The conclusion of all of this is that the system drawn in Figure 1 will be limited to features size of about 3 µm. This is however only the theory for a perfectly aligned optical setup with perfectly manufactured lenses. In reality, lenses will be slightly tilted or shifted in regards to each other and the lens manufacturing quality may be poorer than expected. The only way to have a good idea of the properties of a real system is to proceed to a tolerance analysis. In a tolerance analysis, the system is copied several thousands of times and each copy is slightly perturbated within some given margins. Lenses are tilted, offset laterally, thickness and curvature radius are changed… The MTF of each copy is then computed and the statistical distributions of the MTFs are outputted to the optical designer in quartiles. That way, the optical designers knows that, say, if he builds ten objectives, eight will be at diffraction limit and two will have decreased performances. If you are a microscope objective manufacturer, you will produce a lot of objectives and keep only the one that fit the required performances. Depending on your business strategy, a rejection ratio of 20% might be acceptable or not.

Some systems are more sensitive to others in terms of tolerance and this can affect the manufacturing requirements for the lenses (precision for the thickness, curvatures, shape of the lenses, refraction indices…) or the technology used to hold the lens in the objective tube.

Here, we will build the objective using the most basic lens mounting techniques: spacer tubes.

Spacers tubes are just regular tubes but with carefully controlled dimensions and, eventually, with some extra features to prevent it from having specular reflection. Also, the ends of the tubes are barely chamfered such that they press square on the lenses. When the edge of the tube contacts a spherical lens, it will push on the lens surface such that they auto-centre to correct offset and tilt. This technology is the most straightforward lens mounting technique and it can give you a 0.1 mm centring accuracy typically.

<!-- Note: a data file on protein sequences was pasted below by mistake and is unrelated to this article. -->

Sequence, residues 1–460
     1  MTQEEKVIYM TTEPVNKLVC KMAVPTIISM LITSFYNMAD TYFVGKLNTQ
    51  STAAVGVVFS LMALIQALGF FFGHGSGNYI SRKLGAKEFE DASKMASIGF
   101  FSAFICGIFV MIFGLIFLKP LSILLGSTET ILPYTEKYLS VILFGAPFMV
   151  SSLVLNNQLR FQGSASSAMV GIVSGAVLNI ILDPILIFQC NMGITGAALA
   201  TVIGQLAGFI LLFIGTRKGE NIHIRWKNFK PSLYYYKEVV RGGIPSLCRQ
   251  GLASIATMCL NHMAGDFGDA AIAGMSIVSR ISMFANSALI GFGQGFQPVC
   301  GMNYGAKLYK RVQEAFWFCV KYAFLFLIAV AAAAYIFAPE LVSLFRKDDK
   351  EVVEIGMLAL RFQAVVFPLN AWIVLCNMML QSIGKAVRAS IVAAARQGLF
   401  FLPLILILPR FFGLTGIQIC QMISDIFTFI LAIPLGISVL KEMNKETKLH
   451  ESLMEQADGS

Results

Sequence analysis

The spacers for the objective are shown in Figure 5. I would strongly suggest you to produce the spacers using a lathe from POM (acetal) plastic but if you do not own one, I have added .stl files at the end of the post so that you can print the spacers using a 3D printer. If you do so, I would advise to dip the spacers in a thick black matte paint to prevent reflections if using FDM printing method or that the model produces dust on the optics if you used SLS printing method.

Figure 5 – Spacers used to align the lenses

Finally, I have tested the performances of the objective on an actual USAF 1951 resolution test target from the centre of the field of view and up to the edge (2.5 mm off-centre) to assess the performances. Please have a look at the video for a description of the test setup.

The results are shown in Figure 6 for different field position. The yellow square is the 3 µm features that we expect the objective to resolve from the simulations.

Figure 6 - Results on an USAF 1951 resolution test target at different field position

We see that the objective performs exactly like in the simulations with the 3 µm bars clearly defined on-axis and almost defined off-axis. Moreover, we see that the bars can be resolved in one direction but not the other in the off-axis image which confirms the astigmatism predicted by the simulation software. Full performances were measured up to 1.5 mm off-centre.

Considering the nature of the elements (stock lenses) and the mounting used, these performances are very good. The objective does not perform as good as a commercial one in terms of numerical aperture and chromatism, but it definitively shows that it is possible to build successful optical design setups using simple mounting techniques and off-the-shelve lenses.

In a next post, I will describe in details how you can implement your own raytracing software without having to pay thousands of bucks for commercial softwares like Zemax or CodeV!


The .stl files for the spacers and aperture can be downloaded [∞] here. Use 100 µm resolution printing or better.

Please note that I did not test these models because I made my spacers using a lathe. If you notice something odd with the spacers once printed, please contact me so that we can patch this together. You should normally have no problem with them however because I applied safe designing rules.